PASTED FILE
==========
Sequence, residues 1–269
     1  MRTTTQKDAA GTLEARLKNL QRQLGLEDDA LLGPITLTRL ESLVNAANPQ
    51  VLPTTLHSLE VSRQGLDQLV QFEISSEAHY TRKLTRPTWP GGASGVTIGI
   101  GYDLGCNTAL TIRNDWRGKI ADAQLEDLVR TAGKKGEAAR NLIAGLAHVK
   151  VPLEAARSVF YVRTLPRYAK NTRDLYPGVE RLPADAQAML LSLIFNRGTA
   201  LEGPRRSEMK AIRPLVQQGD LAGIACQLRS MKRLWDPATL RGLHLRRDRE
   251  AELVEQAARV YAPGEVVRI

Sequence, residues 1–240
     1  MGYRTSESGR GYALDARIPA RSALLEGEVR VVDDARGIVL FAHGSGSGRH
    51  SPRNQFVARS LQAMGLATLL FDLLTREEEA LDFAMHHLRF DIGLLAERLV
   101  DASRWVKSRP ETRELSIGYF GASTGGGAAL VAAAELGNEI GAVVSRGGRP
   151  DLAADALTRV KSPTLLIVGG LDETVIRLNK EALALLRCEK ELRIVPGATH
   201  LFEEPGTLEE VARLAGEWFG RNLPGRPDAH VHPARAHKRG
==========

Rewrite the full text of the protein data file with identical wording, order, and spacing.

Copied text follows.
Sequence, residues 1–269
     1  MRTTTQKDAA GTLEARLKNL QRQLGLEDDA LLGPITLTRL ESLVNAANPQ
    51  VLPTTLHSLE VSRQGLDQLV QFEISSEAHY TRKLTRPTWP GGASGVTIGI
   101  GYDLGCNTAL TIRNDWRGKI ADAQLEDLVR TAGKKGEAAR NLIAGLAHVK
   151  VPLEAARSVF YVRTLPRYAK NTRDLYPGVE RLPADAQAML LSLIFNRGTA
   201  LEGPRRSEMK AIRPLVQQGD LAGIACQLRS MKRLWDPATL RGLHLRRDRE
   251  AELVEQAARV YAPGEVVRI

Sequence, residues 1–240
     1  MGYRTSESGR GYALDARIPA RSALLEGEVR VVDDARGIVL FAHGSGSGRH
    51  SPRNQFVARS LQAMGLATLL FDLLTREEEA LDFAMHHLRF DIGLLAERLV
   101  DASRWVKSRP ETRELSIGYF GASTGGGAAL VAAAELGNEI GAVVSRGGRP
   151  DLAADALTRV KSPTLLIVGG LDETVIRLNK EALALLRCEK ELRIVPGATH
   201  LFEEPGTLEE VARLAGEWFG RNLPGRPDAH VHPARAHKRG